On Monday, just ahead of the 62nd Independence Day, the Government Secretariat published rare papers documenting the first government meeting in Israel.

The meeting, which was held in Tel Aviv just two days after the state was established on Sunday, May 16, 1948, centered on a debate about the selection of ministers and updates on the war situation at the front.

Cabinet Secretary Tzvi Hauser said:

“It’s exciting to see with the perspective of time gone by how things were handled, and how historical decisions still affecting our lives today were made.”

David Ben-Gurion, serving as both prime minister and defense minister, opened the meeting with this speech:

“We will open the first meeting of the provisional government and hear a report by Moshe Shertok (Sharett). I assume as self-evident, if there has not been a decision on this matter yet, that any discussion during these meetings, whether important or not, is certainly confidential and no one is permitted to discuss it with anyone else, not even his close friends or confidantes, because these are matters of the state and not of the people participating in these meetings…The situation in Tel Aviv is well-known – explosions. I do not have any details on the last bombing. This morning four port workers were killed…The Egyptian columns are progressing from the south. There is an unconfirmed report of a naval landing around Majdal (currently Ashkelon). Posters aveeenistributed in the Negev calling on Jews to surrender. A convoy of 200 vehicles has arrived in Beersheba…The pressure on the way to Jerusalem and its surroundings has been relieved. We conquered Latrun but were taken out of there. The Arabs got hold of a treasure – one of the new cannons and a few armored cars… We have conquered nearly all of Jerusalem, from the heart of the entrance… and the Old City, which is besieged by Jews nearly on all sides. The Jews in the Old City are besieged by the Arabs.”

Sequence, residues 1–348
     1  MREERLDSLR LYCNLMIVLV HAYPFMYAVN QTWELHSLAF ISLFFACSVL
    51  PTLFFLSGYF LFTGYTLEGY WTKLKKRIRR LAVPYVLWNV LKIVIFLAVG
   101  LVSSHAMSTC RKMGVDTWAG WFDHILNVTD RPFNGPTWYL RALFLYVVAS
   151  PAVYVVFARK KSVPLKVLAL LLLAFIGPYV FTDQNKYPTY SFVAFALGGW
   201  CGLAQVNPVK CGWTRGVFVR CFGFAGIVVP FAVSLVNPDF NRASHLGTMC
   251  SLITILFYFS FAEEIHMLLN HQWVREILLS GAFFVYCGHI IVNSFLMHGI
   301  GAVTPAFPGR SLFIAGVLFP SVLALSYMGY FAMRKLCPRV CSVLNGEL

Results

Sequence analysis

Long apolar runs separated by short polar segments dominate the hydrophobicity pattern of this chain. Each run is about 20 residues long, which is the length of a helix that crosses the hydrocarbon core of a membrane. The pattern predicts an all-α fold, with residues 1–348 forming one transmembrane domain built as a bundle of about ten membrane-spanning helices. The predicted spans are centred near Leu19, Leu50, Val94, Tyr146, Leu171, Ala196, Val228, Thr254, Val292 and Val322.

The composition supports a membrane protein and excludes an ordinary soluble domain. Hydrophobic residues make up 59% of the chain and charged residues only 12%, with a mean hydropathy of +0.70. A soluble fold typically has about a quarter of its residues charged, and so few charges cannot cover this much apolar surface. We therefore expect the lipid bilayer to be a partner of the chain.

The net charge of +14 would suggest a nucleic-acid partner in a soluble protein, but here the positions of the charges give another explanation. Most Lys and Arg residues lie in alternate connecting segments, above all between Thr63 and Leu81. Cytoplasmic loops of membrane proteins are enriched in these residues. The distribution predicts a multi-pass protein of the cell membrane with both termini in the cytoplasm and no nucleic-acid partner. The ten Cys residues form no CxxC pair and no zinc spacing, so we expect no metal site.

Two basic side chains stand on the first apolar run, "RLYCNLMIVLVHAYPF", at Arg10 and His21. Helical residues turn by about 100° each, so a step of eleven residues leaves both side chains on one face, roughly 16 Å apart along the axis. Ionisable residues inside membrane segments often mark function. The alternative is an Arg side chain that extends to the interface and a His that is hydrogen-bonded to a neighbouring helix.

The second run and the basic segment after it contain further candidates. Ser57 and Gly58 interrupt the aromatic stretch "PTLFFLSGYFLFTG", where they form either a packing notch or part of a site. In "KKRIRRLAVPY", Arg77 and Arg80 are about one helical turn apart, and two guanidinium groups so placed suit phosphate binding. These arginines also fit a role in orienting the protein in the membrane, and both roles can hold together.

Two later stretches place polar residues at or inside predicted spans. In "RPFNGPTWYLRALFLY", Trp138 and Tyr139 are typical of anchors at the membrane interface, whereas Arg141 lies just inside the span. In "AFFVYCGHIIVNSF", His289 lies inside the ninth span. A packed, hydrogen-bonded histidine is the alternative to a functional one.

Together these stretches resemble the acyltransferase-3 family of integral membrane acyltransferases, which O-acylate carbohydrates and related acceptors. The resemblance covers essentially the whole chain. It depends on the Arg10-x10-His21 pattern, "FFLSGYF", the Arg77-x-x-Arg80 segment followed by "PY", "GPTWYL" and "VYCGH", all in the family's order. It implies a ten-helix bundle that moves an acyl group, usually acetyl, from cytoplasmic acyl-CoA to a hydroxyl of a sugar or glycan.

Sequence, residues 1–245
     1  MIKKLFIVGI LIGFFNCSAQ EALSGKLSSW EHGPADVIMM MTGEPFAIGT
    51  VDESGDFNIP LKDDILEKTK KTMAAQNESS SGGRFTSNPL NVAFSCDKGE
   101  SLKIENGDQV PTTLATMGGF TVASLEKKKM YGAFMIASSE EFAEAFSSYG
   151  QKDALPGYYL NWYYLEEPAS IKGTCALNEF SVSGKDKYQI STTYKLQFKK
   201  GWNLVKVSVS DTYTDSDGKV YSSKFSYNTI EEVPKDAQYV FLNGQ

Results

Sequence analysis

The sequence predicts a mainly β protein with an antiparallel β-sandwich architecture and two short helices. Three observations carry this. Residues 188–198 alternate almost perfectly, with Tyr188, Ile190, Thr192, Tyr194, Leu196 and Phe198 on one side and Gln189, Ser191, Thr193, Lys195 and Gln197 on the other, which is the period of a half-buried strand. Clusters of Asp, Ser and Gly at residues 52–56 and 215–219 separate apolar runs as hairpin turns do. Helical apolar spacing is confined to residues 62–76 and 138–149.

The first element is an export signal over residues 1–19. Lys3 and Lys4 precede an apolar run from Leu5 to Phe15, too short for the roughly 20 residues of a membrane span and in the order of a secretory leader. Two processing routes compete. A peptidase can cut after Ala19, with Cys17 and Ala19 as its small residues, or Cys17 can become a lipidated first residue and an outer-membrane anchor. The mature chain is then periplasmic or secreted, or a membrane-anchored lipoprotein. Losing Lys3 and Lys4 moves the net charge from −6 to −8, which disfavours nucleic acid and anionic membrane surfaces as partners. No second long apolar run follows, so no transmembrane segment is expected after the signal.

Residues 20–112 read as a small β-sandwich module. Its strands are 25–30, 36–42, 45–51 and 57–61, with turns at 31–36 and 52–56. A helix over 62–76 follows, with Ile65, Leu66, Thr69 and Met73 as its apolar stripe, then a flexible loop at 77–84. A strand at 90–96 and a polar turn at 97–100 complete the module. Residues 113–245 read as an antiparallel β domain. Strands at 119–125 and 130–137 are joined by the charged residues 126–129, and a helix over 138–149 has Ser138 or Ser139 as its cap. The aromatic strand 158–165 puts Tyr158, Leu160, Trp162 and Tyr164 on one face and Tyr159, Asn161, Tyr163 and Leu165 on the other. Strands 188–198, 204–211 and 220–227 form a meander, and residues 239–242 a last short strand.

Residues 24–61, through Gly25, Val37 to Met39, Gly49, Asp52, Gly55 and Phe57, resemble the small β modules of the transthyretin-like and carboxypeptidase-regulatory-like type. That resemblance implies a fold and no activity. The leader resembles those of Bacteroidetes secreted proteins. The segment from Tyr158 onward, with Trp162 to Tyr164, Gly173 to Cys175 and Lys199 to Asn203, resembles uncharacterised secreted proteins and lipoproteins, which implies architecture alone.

Ben-Gurion then continued on listing the ministers, 12 in all. Minister of Immigration and Health Haim-Moshe Shapira told those who were present:

“I am presenting the question of the assembly of the system. Each should do as he sees fit.”

Foreign Minister Moshe Shertok, who later served as prime minister under the name Sharett, said:

“Half of the Jewish settlement is comprised of natives of Israel. They have no association with this word. The other half contains many Yemeni Jews, Germans, and others who have no such association. This word may have the connotation of bragging, but it is a nice Hebrew word with a pleasant sound to it. Trustee is unacceptable to me because there is a concept of trustee for a trust fund.”